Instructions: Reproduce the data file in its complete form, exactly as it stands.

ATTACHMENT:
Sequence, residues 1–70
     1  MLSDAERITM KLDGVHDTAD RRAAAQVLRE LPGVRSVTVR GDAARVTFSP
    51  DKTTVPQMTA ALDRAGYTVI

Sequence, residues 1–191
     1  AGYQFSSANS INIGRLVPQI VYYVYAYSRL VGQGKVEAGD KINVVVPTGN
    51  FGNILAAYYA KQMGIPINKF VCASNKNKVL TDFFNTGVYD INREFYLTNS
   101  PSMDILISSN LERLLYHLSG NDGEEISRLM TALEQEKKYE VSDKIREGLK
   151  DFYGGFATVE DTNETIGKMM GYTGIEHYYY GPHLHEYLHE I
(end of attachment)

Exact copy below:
Sequence, residues 1–70
     1  MLSDAERITM KLDGVHDTAD RRAAAQVLRE LPGVRSVTVR GDAARVTFSP
    51  DKTTVPQMTA ALDRAGYTVI

Sequence, residues 1–191
     1  AGYQFSSANS INIGRLVPQI VYYVYAYSRL VGQGKVEAGD KINVVVPTGN
    51  FGNILAAYYA KQMGIPINKF VCASNKNKVL TDFFNTGVYD INREFYLTNS
   101  PSMDILISSN LERLLYHLSG NDGEEISRLM TALEQEKKYE VSDKIREGLK
   151  DFYGGFATVE DTNETIGKMM GYTGIEHYYY GPHLHEYLHE I